Zoom-bombing created security concerns about Zoom as cybercriminals and pranksters joined corporate and student meetings on the platform.
While most did things that were inappropriate, at least they made their presence known.
Now imagine a Zoom meeting where you are discussing proprietary information or intellectual property as a cybercriminal or nation-state hacker is secretly watching or recording it.
That is the point of a new Zero-Day exploit reportedly being marketed on the Dark Web, with a price tag of $500,000.
Zoom Zero-Day exploits for sale
Motherboard broke the news through anonymous sources:
"Industrial espionage is making millions now. Zoom, GTM, WebEx... all meetings where you needed an insider to get in before [videoconference meetings became widespread]," he said.
"From what I've heard, there are two zero-day exploits in circulation for Zoom... One affects OS X and the other Windows," said Adriel Desautels, the founder of Netragard, a company that used to run an exploit acquisition platform, told Motherboard.
Motherboard further confirmed the existence of the two exploits for Zoom Windows and macOS zero-days by two other sources who wished to remain anonymous.
One of them said that the Windows zero-day is a remote code execution vulnerability that could allow potential attackers to execute arbitrary code on systems running a Zoom Windows client and even take full control of the device if coupled with other bugs.
The $500,000 price tag attached to this exploit might be justified as the independent source said that it's "perfect for industrial espionage."
Expert interview: what is the Zero-Day market like right now?
Zero-Day exploits are newly discovered security flaws for which there is no patch yet available. In other words, the new attack will work to get a cybercriminal access they should not have.
Brian Gorenc is at the center of this cat and mouse game between criminal hackers and cyber defenders. Gorenc directs the Zero Day Initiative (ZDI), which is the world's largest vendor-agnostic bug bounty program.
His organization pays bounties to security researchers who discover Zero-Days and then privately report them, so the security vulnerability can be patched before a cybercriminal discovers it.
SecureWorld asked Gorenc about the new Zoom Zero-Day exploits and the state of the Zero-Day market right now.
As you can imagine, the cybercrime market is focused on ways to infiltrate your organization's digital communications.
[SecureWorld] Does this move to exploit Zoom's rise to prominence surprise you? Have you seen similar parallels with other organizations in the past?
[Gorenc] We're in an unprecedented time with regard to the amount of people working remotely. All of the products that enable this—VPNs, video chat, 2FA [and others]—will receive increased scrutiny from researchers and attackers alike. What Zoom is experiencing is what all major software goes through, just in a much shorter timeframe.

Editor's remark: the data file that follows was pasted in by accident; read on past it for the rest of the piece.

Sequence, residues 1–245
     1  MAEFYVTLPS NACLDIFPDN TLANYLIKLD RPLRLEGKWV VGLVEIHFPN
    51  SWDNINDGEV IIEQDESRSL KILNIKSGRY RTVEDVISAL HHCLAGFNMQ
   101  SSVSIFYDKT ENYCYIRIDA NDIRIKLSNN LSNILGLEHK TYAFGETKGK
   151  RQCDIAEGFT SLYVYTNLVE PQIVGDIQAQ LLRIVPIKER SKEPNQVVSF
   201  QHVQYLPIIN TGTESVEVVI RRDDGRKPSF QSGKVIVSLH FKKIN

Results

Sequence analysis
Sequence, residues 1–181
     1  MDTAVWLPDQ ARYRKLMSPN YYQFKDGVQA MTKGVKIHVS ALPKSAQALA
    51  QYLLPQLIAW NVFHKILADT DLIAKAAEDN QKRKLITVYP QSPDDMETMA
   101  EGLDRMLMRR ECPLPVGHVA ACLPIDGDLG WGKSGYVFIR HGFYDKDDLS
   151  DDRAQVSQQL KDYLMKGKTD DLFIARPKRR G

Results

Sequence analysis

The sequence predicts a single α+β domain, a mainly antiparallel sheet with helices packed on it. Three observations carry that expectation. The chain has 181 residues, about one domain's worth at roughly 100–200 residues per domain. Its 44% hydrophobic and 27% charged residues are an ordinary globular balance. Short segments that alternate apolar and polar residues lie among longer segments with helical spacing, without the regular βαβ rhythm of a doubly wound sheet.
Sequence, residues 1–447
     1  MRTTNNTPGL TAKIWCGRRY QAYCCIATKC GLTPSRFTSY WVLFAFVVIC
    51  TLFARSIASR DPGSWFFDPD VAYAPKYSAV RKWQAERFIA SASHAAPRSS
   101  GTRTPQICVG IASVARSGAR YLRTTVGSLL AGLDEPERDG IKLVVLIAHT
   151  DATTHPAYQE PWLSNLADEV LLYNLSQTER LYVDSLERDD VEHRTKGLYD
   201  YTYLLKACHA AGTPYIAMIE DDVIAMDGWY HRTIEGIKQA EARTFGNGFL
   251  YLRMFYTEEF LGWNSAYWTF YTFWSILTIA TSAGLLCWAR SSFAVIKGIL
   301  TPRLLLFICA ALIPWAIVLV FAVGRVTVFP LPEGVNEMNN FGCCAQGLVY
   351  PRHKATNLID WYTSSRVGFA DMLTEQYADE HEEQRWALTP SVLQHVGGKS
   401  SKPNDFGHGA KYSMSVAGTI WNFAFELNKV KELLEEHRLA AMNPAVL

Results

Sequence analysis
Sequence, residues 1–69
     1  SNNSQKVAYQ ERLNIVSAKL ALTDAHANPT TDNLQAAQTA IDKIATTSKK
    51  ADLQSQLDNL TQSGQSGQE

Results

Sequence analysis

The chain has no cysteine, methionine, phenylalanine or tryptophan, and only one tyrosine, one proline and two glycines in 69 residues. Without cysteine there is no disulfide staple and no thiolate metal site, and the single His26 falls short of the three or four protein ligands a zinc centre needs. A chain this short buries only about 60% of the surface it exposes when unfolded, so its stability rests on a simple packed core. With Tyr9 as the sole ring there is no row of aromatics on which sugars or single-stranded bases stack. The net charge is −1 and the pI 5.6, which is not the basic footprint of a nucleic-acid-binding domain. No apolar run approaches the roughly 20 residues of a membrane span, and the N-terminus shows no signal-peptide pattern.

For example, Microsoft had years to understand security problems, establish a response process, engage in researcher outreach, etc. Zoom has had to go through all of that and more in a just a few weeks.
[SecureWorld] What drives threat actors to create Zero-Days? Money or fame?
[Gorenc] Different people have different motivations. For security researchers, it may start with simple curiosity, however, when they see they can profit from their research through bug bounties, financial compensation becomes a big motivator.
There are still those out there just looking to prank users (think Zoom-bombing). And then there are the serious threat actors looking either disrupt normal operations or steal intellectual property. When it comes to bug bounties, most are motivated by a combination of financial reward and public recognition.
[SecureWorld] How many Zero-Days has your organization successfully helped vendors shut down?
[Gorenc] The ZDI program has resulted in over 6,000 Zero-Days being patched in its nearly 15-year history. During this time, certain targets went through phases of popularity: Java, operating systems, Adobe Flash, web browsers, Microsoft Office. In recent years, we've seen a rise in the popularity of virtualization targets and ICS/SCADA products. We've also help lower the response time from vendor from over 180 days to under 120.
Related podcast: Zero-Day and bug bounty insights
We previously interviewed Brian Gorenc after his keynote at a SecureWorld conference. Listen to our conversation below, or on your favorite podcast platform:
Gorenc is optimistic that the bug bounty market still has a lot of room to grow.
If you're looking for a side hustle, this could be the time to jump in.